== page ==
April 23, 2001
Mint; 300 capacity; $8
Brit bands almost always have an easier time than Yanks of grasping the intricacies of the Laurel Canyon sound that ushered in a new era of folk rock in the late 1960s. American acceptance has been well-earned by Minibar, which has found kindred spirits in Ryan Adams of Whiskeytown (recording one of his songs), Wilco and the Jayhawks (opening shows) and T-Bone Burnett (producer of band's Universal debut Road Movies). This is one of those rootsy acts that understands how to layer pop elements -- particularly three- and four-part harmonies -- and deliver them in an oh-so-mellow, soothing fashion.
Minibar's showcase gig at the Mint lacked some of the sharpness of the disc, a summery and enjoyable debut that brims with deft compositions and the steady hand of Burnett. The title track, a delightful midtempo ode to California, came off strongest in the hourlong set, as they hit the harmonies with the wistful innocence of a wandering visitor to the Golden State. That sunshine-and-freeways vision has a melting quality when it comes from a foreigner; they've so perfected it that it's absolutely jarring when leader Simon Petty spoke with British accent rather than a twang from the Valley.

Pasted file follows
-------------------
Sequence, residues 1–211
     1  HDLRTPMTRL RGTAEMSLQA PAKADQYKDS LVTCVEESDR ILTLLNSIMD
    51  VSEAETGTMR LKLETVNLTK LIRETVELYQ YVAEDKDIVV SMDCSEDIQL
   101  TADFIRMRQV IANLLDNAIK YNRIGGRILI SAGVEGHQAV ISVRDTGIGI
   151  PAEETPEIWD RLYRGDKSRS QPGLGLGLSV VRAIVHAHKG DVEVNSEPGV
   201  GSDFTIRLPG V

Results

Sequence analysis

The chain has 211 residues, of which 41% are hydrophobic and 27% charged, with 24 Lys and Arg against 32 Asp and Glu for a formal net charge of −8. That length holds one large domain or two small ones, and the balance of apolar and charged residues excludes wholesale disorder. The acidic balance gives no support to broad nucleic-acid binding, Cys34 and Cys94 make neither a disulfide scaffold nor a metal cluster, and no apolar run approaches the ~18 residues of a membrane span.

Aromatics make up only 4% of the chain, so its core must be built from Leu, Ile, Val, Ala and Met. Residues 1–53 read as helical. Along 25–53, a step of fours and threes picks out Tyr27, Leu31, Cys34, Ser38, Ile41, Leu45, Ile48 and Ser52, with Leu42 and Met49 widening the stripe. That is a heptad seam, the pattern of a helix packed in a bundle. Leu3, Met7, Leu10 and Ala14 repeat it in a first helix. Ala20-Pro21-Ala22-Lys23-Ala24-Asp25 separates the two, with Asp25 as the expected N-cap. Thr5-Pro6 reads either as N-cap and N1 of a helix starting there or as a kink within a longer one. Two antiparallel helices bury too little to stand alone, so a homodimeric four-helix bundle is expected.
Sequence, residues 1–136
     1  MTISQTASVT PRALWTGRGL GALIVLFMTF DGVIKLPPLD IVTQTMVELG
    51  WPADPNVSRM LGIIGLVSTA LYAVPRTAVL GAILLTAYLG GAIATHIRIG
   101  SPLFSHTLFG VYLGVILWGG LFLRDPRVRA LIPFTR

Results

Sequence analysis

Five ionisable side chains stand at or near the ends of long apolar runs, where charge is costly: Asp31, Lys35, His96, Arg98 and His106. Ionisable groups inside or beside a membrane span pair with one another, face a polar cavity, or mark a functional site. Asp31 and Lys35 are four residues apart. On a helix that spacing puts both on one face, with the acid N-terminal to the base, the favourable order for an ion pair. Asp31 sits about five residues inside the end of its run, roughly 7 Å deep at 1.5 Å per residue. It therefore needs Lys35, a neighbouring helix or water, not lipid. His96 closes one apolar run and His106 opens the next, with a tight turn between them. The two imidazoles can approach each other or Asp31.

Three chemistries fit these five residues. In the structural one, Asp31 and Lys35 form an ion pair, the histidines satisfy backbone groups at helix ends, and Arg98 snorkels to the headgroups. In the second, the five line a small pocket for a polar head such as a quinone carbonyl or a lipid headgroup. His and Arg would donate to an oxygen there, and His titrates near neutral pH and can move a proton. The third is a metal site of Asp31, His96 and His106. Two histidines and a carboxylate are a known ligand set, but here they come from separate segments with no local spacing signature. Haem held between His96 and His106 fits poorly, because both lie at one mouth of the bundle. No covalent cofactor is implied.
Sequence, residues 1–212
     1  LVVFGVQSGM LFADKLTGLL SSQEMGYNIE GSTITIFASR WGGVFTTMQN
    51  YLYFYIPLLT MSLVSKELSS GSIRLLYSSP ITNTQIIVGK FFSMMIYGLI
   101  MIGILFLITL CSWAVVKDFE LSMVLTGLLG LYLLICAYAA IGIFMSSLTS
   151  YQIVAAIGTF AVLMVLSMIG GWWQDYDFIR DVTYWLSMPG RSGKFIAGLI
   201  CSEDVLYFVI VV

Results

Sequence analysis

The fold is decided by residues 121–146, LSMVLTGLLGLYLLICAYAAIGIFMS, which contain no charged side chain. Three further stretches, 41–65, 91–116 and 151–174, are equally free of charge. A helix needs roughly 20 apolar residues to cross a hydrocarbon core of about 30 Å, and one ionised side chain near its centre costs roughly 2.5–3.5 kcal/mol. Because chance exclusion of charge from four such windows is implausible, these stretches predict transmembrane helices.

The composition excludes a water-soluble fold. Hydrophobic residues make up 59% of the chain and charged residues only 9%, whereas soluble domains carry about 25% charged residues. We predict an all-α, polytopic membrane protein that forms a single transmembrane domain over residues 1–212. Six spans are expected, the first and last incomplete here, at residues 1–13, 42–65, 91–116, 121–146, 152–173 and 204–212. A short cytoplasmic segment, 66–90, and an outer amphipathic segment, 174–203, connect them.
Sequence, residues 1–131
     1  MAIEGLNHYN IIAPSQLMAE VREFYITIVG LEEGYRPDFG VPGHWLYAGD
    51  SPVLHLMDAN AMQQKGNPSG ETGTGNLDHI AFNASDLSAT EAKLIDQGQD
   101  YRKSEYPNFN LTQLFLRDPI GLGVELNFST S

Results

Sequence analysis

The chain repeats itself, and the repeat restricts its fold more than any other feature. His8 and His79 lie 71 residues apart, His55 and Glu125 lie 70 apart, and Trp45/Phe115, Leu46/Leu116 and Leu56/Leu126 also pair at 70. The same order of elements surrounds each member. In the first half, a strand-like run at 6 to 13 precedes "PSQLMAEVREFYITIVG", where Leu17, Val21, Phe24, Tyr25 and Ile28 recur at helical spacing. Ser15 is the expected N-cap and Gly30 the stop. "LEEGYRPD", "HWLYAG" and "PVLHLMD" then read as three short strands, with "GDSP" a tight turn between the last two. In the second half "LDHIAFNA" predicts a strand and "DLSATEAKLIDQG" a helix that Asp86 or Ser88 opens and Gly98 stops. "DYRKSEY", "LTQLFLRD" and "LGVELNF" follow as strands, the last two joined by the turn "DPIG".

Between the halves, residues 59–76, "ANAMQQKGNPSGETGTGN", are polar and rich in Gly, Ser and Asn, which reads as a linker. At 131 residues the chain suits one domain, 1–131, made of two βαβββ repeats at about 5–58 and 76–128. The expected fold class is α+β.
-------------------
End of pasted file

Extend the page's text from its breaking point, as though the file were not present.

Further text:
As they charged through their rougher material, Minibar displayed leanings that, while decidedly British, defy the state of Britpop. Geffen had a similar act, albeit American, a few years back called Big Blue Hearts. Minibar isn't as slick as that act just yet, but they beam with a similar sincerity as the Hearts, and that may just be the band's ticket to something more.
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